Minnesota Senate DFL pushes new gun laws as talks with Republicans continue
State lawmakers are negotiating the details of a crime bill that could include new gun control legislation and harsher penalties for violent crime.
Minnesota Senate DFL leaders said they want what they described as “sensible gun violence prevention measures” put in place and they want it done during a special legislative session this summer.
Senate Minority Leader, Melisa Lopez Franzen, DFL-Edina, said the recent rise in mass shootings is problem that needs immediate attention.
“As a mother of young school children, I’ve been shaken to the core by the recent massacres in Buffalo, Texas, Tulsa, and many other places which have become all too common in Minnesota and across the country,” said Lopez Franzen. “DFLers are committed to responding to that grief with action to prevent future tragedies.”
The Senate DFL laid out three specific pieces of legislation they would like to see pass as part of the crime bill.
They are extreme risk protection orders (commonly referred to as red flag laws), expanded background checks and raising the age to 21 to purchase certain types of semi-automatic weapons.
DFL leadership also accused Senate Republicans of walking away from crime bill negotiations and said the broke off talks have stopped a special legislative session from taking place.
Chair of the Senate Judiciary and Public Safety Committee, Sen. Warren Limmer, R-Maple Grove, said those accusations were false and said talks were ongoing and included members of the administration of Governor Tim Walz.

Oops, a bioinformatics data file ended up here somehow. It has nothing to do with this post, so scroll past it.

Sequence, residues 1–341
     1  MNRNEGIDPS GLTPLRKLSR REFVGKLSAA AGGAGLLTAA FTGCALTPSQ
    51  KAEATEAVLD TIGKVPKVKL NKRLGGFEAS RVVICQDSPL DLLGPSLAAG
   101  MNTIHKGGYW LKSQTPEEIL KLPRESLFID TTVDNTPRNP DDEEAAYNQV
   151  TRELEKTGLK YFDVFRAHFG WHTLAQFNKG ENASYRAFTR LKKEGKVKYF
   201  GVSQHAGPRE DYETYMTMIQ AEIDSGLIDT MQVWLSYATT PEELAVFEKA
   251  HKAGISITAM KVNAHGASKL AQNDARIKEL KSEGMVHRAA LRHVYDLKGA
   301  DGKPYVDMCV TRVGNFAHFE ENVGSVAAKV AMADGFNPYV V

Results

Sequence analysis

“We just had a discussion yesterday with House Democrat leaders and with us on the Republican majority side in the Senate and we are continuing to try and iron it out,” said Limmer.
Limmer also said the Republican crime bill includes more funding for recruiting and retaining law enforcement officers across the state and calls for tougher prison sentences for violent crimes such as armed carjackings.
“The House proposal is one of building more and more government programs and funding nonprofit organizations that no one knows about right now,” said Limmer. “It’s kind of an unknown that I don’t think they’ve established with $56 million of taxpayers money going in that direction.”
If a special session materializes and an omnibus crime bill is passed, $200 million would be pumped into some of these measures immediately and another $250 million would be added at the start of the next biennial budget, which is July 2023.